Each year millions of us attend county fairs not for the deep-fried twinkies but for the vehicular mayhem--bumper-smashing, whiplash-making, ear-splitting, grit-in-your teeth, eyes-burning-from-the-fumes demolition derbies. It’s a tradition that’s been around since before Leave It to Beaver first aired on television. Some would argue it’s just as American, though louder and not nearly so black-and-white.
More Than Meets the Eye
No one would mistake demolition derbies for anything other than what they are. They’re gladiator-type events where drivers smash the heck out of their vehicles while fans scream approval from the stands. We cheer for drivers crazy enough to crash into each other on purpose and for the cars they built to go the distance.
And what cars! They are the spray-painted embodiment of the underdog. They’ve been stripped down and reworked to endure the worst retirement party imaginable. Their better days have gone the way of their rearview mirrors and windows, and most contenders spill their guts and radiator fluid in the arena before being towed to their final resting place. One heroic vehicle, however, coughs its way to victory.
What’s (Not) in a Derby Car?
Perhaps the most American part of demolition derbies are the cars themselves, literally. No Hondas and Mazdas here. Only full-sized, Detroit-built sedans and wagons from the '60s and '70s will do. And except for hobo-class races, which use compact cars, modern vehicles are out. Too much plastic and electronics. Classic American behemoths can inflict major damage on other competitors. Sometimes they’re even rebuilt to derby again!
Each derby vehicle is put through a reverse makeover before competing. Interior and exterior trim, plastic, lights, windows, and mirrors go first; drivers don’t want to be hit with flying debris during a collision. The gas tank is replaced with a smaller version and secured in a reinforced box behind the driver. Then the battery is relocated to the front passenger floor. The muffler, catalytic converter, and exhaust pipes are nixed. Doors are welded or chained shut. Sheet metal is used to reinforce the car’s frame, though too much can cause overheating. And a hole has to be cut into the hood to accommodate a fire hose for emergencies. Finally, with a little Mad-Maxian embellishment (think vertical chrome pipes, flags, and oversized teddy bears), the car is ready for the arena.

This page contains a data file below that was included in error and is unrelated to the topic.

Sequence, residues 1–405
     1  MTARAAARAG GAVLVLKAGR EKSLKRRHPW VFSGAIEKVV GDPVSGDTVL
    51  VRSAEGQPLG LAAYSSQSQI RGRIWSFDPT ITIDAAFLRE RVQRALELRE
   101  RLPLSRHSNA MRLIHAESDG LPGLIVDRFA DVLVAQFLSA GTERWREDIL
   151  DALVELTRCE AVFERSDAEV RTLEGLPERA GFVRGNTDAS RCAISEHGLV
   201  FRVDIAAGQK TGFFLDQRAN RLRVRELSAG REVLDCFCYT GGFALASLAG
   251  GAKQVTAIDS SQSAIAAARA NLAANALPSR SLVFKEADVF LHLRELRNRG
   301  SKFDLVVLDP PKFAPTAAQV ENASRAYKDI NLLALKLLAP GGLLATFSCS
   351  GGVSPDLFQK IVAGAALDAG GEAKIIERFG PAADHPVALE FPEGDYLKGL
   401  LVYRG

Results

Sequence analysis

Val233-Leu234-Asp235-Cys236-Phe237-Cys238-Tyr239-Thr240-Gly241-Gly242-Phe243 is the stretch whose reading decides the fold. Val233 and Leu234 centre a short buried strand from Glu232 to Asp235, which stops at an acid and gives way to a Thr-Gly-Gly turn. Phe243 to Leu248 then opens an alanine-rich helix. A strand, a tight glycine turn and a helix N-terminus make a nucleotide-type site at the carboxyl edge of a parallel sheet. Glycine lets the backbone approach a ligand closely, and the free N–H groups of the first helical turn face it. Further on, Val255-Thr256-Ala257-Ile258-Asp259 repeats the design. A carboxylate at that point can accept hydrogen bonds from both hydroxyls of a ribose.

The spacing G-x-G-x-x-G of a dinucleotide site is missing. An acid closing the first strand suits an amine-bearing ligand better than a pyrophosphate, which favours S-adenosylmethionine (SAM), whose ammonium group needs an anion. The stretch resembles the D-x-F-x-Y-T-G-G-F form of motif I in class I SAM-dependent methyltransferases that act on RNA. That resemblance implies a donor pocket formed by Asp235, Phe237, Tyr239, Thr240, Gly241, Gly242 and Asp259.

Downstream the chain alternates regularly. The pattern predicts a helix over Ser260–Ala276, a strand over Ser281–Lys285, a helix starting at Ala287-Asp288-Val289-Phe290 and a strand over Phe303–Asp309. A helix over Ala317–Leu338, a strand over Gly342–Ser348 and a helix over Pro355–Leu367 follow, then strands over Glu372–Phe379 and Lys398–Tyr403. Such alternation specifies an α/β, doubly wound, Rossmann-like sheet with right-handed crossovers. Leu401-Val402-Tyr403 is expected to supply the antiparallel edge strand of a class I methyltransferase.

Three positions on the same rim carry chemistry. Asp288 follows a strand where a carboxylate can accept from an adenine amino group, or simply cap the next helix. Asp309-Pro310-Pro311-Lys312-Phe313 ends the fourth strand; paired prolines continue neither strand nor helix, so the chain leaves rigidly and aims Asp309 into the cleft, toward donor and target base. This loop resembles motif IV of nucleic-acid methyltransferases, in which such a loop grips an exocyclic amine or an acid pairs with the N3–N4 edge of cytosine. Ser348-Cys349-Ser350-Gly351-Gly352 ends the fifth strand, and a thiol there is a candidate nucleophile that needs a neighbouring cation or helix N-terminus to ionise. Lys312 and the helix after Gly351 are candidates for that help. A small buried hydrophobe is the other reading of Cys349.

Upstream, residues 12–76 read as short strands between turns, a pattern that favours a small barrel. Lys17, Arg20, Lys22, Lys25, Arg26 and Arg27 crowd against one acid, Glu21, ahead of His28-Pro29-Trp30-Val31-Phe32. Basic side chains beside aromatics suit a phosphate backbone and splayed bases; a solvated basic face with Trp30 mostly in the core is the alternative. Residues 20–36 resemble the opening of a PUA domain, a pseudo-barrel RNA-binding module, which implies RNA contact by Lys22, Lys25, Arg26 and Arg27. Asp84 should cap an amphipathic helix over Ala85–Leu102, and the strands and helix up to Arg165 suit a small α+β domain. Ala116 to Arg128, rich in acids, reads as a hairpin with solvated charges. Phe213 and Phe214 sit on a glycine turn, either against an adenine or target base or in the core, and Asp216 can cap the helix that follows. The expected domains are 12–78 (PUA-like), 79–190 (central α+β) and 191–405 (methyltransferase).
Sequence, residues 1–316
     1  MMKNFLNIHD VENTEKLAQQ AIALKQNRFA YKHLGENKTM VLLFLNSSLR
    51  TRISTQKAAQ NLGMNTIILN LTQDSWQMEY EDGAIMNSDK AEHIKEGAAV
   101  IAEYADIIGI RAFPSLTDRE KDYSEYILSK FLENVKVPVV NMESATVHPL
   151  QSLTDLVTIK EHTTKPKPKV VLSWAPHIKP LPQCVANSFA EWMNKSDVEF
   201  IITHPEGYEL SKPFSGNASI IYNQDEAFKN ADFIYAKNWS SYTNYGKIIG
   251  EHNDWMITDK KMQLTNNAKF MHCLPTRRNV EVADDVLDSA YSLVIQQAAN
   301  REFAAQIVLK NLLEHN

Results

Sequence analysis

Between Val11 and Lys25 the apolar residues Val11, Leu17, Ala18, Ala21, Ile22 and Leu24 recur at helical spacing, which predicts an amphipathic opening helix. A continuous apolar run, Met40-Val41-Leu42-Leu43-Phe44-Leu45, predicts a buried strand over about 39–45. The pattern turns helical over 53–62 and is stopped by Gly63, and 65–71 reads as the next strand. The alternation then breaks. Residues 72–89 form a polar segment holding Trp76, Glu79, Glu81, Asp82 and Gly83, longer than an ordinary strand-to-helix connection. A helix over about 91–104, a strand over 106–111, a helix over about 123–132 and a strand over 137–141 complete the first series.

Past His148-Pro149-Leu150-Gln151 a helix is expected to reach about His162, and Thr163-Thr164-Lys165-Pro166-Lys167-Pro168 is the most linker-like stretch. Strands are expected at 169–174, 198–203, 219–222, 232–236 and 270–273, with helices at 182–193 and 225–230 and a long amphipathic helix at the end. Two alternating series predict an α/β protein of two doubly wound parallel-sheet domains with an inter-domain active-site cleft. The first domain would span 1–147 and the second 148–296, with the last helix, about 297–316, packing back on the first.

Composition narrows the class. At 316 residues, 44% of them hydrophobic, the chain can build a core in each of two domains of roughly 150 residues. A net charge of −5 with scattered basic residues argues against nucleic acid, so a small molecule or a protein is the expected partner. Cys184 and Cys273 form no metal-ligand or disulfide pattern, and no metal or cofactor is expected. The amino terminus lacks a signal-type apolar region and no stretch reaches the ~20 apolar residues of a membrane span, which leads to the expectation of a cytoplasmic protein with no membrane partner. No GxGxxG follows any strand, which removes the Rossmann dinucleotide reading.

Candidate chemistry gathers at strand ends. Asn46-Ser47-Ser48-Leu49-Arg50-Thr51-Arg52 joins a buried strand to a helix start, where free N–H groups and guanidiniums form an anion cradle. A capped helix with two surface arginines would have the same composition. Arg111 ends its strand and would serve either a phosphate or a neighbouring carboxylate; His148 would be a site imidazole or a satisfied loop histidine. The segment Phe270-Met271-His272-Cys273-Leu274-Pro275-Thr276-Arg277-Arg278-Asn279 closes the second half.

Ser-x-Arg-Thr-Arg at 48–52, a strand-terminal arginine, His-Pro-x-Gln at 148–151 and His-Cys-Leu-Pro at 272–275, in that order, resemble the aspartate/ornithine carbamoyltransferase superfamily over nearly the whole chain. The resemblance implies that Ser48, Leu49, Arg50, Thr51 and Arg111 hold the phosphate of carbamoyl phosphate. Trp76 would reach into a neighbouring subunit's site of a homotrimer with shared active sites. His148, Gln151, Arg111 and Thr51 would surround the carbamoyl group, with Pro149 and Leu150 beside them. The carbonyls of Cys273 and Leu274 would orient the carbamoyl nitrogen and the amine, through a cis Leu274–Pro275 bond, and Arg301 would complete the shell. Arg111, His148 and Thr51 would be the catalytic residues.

How to Win a Derby
It may seem like derby cars crash into one another with the same finesse as the kids in the bumper cars across the fairgrounds. But there are rules in a derby. Drivers must hit a ‘live car’ at least once every 60 seconds. Also, no head-on collisions; no driver-door hits, and absolutely no sandbagging. Consequences include disqualification and enduring the intense ire of both fans and other competitors.
There’s also offensive and defensive strategy involved. Offensively, drivers want to hit the front of another vehicle with their own rear bumper. That way, they can damage their competitor’s wheel wells or flatten the tires, immobilizing them. Even better, they can hit the engine bay and puncture the radiator or crack the block. They can also knock out contenders by forcing them up onto the ring’s concrete barriers. Or time their hits to coincide with another vehicle for maximum annihilation.
On the defensive side, drivers prefer to ride the outside of the ring counter-clockwise. Since driver-side door hits are illegal, this technique protects them from being broadsided. Experienced drivers are careful to avoid getting pinned into a corner by ‘dead’ cars. And like wildebeests on the Sahara, they team up when possible and keep moving to avoid looking like easy prey.
After months of preparation, it can all be over in a single, 15-minute heat. The heartbroken (and just plain broken) are towed from the arena. The victor moves on to the next heat. At the end of the night, prizes are awarded. Mad Dog Money often goes to the most audacious drivers; people are paying for entertainment, after all. Grand prizes can approach $10,000, but it’s a pittance when you consider the hours and hard-earned money already invested. Most derby drivers, like their fans, are in it for more than the money. It’s about the thrill and the glory. No matter how short lived.
Some say that the days of demolition derbies are numbered. Those classic cars are harder to come by. So next time you drive by a rusting clunker in a field, double back. You could be looking at last year’s county fair derby champion. Or your chance to get in on the action while you still can.
Are you a demolition derby fan or competitor? Share your favorite derby moments with us by leaving a comment.